Outbreaks of the brown planthopper Nilaparvata lugens (Stål) in the Yangtze River Delta: immigration or local reproduction?

Hu G, Lu F, Zhai BP, Lu MH, Liu WC, Zhu F, Wu XW, Chen GH, Zhang XX - PLoS ONE (2014)

Probability distribution of endpoints of backward trajectories from Chongming, Danyang, Jingjiang, Jiaxing, and Zhangjiagang.
© Copyright Policy
Related In: Results  -  Collection

License
Show All Figures
getmorefigures.php?uid=PMC3928339&req=5

pone-0088973-g005: Probability distribution of endpoints of backward trajectories from Chongming, Danyang, Jingjiang, Jiaxing, and Zhangjiagang.
Mentions: The source areas within 2 h to 10 h durations were still in the Yangtze River Delta (83.66% of the total), followed by southern and central Anhui (10.93% of the total). The source areas within 24 h to 34 h durations were mainly in southern and central Anhui (22.71% of the total), the Yangtze River Delta (15.58%), and northern Jiangxi (14.15%). Moreover, only a few endpoints were located in northern Jiangsu, southern Zhejiang, northern Fujian, northeastern Hunan, eastern Hubei, etc. (Table 7, Fig. 5).

Bottom Line: Results showed that outbreaks of N. lugens in the Yangtze River Delta were mostly associated with an extremely high increase in population.Although mass migration occurred late in the season (late August and early September), the source areas of N. lugens catches in the Yangtze River Delta were mainly located in nearby areas, including the Yangtze River Delta itself, Anhui and northern Jiangxi Provinces.These regions collectively form the lower-middle reaches of the Yangtze River, and the late migration can thus be considered as an internal bioflow within one population.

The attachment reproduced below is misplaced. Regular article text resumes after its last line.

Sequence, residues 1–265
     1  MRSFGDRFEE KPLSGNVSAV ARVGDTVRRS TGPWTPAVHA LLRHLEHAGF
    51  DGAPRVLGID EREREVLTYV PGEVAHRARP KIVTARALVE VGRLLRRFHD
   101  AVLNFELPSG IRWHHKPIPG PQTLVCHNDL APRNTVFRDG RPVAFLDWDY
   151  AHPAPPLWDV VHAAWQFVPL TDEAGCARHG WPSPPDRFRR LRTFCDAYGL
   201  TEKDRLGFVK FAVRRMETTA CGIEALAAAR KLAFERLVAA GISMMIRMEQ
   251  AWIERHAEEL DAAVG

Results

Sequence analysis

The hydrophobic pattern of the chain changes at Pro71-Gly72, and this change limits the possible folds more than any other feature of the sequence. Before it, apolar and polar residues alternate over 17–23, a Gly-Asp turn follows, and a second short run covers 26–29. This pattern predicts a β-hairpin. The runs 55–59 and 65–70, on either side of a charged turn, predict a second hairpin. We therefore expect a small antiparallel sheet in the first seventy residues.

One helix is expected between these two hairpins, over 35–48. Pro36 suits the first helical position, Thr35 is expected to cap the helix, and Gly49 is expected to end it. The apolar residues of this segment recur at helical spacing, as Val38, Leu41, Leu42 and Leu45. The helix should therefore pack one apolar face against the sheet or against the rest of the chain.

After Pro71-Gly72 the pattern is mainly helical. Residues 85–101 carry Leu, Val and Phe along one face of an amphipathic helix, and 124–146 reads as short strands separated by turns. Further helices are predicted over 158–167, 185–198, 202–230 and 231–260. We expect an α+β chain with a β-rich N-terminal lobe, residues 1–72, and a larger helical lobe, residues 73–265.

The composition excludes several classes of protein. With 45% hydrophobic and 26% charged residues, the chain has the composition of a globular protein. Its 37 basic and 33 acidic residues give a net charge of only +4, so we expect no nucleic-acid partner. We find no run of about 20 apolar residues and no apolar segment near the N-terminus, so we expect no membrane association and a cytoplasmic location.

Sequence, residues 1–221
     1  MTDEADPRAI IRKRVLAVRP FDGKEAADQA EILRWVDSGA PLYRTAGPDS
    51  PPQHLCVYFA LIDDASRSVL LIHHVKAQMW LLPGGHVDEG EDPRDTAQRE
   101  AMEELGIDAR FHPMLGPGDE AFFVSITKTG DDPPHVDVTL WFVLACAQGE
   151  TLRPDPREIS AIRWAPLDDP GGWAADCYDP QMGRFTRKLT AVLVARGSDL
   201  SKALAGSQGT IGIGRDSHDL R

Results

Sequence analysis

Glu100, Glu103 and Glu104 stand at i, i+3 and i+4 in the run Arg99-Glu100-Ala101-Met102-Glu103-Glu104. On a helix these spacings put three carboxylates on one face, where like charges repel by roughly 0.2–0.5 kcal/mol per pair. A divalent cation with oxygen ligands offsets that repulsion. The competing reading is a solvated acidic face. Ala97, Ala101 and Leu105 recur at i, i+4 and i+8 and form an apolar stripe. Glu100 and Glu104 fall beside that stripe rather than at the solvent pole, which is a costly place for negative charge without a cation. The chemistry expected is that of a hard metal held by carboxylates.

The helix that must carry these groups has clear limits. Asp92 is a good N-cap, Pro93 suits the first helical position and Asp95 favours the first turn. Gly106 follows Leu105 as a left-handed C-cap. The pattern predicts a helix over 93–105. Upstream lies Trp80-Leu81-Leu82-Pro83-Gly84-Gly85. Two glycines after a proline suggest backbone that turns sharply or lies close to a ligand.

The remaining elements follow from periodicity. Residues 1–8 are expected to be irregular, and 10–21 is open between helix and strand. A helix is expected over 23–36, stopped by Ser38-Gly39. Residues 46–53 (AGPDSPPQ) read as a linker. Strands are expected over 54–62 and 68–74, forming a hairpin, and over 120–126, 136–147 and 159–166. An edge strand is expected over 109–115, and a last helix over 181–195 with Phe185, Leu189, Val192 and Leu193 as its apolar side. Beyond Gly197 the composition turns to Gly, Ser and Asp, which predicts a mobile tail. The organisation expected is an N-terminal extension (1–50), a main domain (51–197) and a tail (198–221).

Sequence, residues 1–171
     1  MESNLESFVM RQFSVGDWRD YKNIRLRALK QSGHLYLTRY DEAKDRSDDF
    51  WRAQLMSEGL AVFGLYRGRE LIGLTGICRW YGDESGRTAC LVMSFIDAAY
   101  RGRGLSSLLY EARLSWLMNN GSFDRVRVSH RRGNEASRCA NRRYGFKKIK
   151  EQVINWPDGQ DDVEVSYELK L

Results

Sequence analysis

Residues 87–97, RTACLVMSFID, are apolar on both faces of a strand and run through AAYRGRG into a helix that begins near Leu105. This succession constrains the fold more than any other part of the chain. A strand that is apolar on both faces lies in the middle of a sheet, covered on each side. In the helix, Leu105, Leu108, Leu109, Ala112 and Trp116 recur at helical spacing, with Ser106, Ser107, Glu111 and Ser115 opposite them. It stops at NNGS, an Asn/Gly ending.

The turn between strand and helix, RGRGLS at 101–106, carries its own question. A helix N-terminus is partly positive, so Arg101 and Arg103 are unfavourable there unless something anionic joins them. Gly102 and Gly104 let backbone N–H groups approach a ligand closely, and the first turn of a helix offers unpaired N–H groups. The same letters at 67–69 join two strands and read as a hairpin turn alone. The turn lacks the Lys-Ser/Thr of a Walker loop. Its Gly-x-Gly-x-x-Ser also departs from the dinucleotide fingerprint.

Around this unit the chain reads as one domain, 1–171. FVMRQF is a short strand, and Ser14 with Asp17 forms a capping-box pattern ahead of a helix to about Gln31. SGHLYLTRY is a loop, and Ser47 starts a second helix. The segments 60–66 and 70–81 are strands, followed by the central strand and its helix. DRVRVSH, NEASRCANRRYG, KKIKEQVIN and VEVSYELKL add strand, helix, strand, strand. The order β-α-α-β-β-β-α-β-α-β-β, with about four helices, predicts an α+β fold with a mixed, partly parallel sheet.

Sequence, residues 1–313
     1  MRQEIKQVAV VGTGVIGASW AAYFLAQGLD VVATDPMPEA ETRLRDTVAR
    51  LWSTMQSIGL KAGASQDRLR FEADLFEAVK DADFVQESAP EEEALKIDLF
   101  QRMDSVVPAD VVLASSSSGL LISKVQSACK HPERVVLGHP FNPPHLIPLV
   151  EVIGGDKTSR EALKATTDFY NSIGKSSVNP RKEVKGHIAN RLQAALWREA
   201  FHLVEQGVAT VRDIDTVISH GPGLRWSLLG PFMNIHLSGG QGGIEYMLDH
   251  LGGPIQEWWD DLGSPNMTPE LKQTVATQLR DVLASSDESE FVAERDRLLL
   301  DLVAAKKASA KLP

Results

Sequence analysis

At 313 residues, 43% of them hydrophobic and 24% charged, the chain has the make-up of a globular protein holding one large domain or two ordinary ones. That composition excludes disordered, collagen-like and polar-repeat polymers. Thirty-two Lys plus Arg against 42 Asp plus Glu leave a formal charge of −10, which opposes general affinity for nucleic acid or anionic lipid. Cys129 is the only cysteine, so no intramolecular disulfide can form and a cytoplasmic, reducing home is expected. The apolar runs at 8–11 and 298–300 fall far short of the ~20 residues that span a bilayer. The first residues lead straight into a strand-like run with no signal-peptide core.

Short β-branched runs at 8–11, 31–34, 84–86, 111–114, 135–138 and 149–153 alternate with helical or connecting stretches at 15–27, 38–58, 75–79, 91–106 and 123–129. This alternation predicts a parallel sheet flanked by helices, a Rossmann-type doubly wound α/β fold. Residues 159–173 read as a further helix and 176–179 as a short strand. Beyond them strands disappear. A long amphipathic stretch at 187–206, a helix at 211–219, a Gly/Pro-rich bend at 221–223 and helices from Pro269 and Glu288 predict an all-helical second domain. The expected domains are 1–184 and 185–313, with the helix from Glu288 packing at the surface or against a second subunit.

View Article: PubMed Central - PubMed

Affiliation: Key Laboratory of Integrated Management of Crop Diseases and Pests (Ministry of Education), College of Plant Protection, Nanjing Agricultural University, Nanjing, China.

ABSTRACT
An effective control strategy for migratory pests is difficult to implement because the cause of infestation (i.e., immigration or local reproduction) is often not established. In particular, the outbreak mechanisms of the brown planthopper, Nilaparvata lugens (Stål), an insect causing massive losses in rice fields in the Yangtze River Delta in China, are frequently unclear. Field surveys of N. lugens were performed in Jiangsu and Zhejiang Provinces in 2008 to 2010 and related historical data from 2003 onwards were collected and analyzed to clarify the cause of these infestations. Results showed that outbreaks of N. lugens in the Yangtze River Delta were mostly associated with an extremely high increase in population. Thus, reproduction rather than immigration from distant sources were the cause of the infestations. Although mass migration occurred late in the season (late August and early September), the source areas of N. lugens catches in the Yangtze River Delta were mainly located in nearby areas, including the Yangtze River Delta itself, Anhui and northern Jiangxi Provinces. These regions collectively form the lower-middle reaches of the Yangtze River, and the late migration can thus be considered as an internal bioflow within one population.

Show MeSH
Related in: MedlinePlus